This article is the second in a series of profiles spotlighting the work of Black journalists at all levels of media. We began discussing this as a series for Black History Month in February, but realized the value of highlighting Black voices extends far beyond a month. We're using this series to keep the conversation going. If you'd like to share your own experience as a Black journalist, email firstname.lastname@example.org.
When John Eligon first entered the news industry in 2004, he reported on a topic he loved: sports, for the Detroit Free Press. A year later, he joined The New York Times as a general assignment reporter, to cover criminal courts and local government.
He reported international stories, as well. For instance, the death of Nelson Mandela and the 2006 Winter Olympics in Turin.
In 2014, Eligon's career changed course. The killing of Michael Brown in Ferguson, Missouri, ignited a reckoning that spurred much-needed conversations about race in America. Eligon reported on the protests in Missouri, and shortly after was promoted to a national correspondent. The promotion officially launched a new role Eligon took on, reporting on race.
He viewed his new beat as an opportunity to see “how race functions in our day-to-day lives.” In this role, he has been able to report at the forefront of a conversation that is historically influential, and which sparked today’s Black Lives Matter Movement.
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Eligon and his family are originally from Trinidad and Tobago, a country whose population is largely Black and East Indian. His family moved to the U.S. when he was six years old. He remembers being fascinated as a young boy by little changes in his life, like the TV set showing the volume, and having carpeting in the apartment.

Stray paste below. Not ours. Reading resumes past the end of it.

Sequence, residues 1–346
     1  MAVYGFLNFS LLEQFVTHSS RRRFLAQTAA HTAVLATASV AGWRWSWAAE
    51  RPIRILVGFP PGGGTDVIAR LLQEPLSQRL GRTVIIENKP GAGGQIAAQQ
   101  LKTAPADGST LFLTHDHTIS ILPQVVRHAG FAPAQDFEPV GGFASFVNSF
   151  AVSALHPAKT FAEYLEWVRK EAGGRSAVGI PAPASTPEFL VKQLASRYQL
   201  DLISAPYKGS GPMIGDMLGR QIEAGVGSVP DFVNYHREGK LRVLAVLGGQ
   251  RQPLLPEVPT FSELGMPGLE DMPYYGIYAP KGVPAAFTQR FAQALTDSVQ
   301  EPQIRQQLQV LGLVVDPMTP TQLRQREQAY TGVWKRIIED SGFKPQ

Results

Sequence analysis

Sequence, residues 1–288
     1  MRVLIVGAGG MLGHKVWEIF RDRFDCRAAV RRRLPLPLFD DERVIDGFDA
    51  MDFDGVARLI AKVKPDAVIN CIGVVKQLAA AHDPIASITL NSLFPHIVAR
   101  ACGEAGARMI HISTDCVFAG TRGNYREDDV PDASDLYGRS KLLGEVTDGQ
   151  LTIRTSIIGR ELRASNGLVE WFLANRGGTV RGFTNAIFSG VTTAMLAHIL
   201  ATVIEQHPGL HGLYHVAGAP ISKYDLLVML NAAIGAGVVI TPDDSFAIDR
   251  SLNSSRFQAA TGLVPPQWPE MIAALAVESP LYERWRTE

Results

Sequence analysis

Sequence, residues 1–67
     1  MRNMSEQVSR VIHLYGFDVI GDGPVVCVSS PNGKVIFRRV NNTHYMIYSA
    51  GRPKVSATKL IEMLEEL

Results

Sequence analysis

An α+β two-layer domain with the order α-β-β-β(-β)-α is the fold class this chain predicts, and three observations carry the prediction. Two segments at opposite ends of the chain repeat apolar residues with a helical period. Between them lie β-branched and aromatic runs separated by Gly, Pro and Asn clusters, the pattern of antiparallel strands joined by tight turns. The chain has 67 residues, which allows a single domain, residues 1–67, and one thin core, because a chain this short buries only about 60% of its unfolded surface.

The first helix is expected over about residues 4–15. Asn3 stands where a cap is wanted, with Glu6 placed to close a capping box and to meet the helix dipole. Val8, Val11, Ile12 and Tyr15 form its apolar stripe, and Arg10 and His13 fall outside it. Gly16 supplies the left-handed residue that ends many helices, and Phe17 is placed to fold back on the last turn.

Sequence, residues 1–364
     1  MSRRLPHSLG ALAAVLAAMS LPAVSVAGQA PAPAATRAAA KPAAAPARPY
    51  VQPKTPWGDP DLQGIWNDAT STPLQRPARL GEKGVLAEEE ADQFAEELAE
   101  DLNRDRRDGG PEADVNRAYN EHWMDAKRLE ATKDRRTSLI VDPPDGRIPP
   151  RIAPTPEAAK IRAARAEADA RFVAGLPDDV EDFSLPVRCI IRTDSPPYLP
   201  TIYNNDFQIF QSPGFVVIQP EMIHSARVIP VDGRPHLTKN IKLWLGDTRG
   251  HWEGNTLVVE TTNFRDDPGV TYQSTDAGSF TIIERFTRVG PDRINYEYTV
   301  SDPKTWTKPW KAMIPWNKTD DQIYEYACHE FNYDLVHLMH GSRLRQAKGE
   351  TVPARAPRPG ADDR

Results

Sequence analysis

Growing up in the U.S., he was unaware of the racial divide. It wasn’t until high school that Eligon felt different — in large part because he is Black. He attended a predominantly white high school where he had only a few Black classmates. When conversations about race surfaced, he was unsure how to handle them. It was sitcoms like “The Fresh Prince of Bel-Air,” “Good Times,” and “The Jeffersons” that taught him about being Black in America.
“I remember innately feeling that sense of, ‘I can't really define my identity as being Black,’ because there's nowhere we could speak up about being Black, or I felt I had the courage or the wherewithal to do that,” he said.
Eligon went on to study journalism at Northwestern University’s Medill School of Journalism in Illinois. While a student there he became more familiar with race in the U.S., and the different narratives around it. He recalls one lecture, in particular, about the end of slavery. While history textbooks depict President Abraham Lincoln as freeing the slaves, his professor said the “slaves freed themselves.”
The lecture symbolized something bigger for Eligon. “I remember that was a really powerful moment for me. I felt like this sense of what it means to be Black in America, which was never really something that I experienced growing up in the U.S. It was always kind of shielded from me and not talked about openly in educational settings,” he said.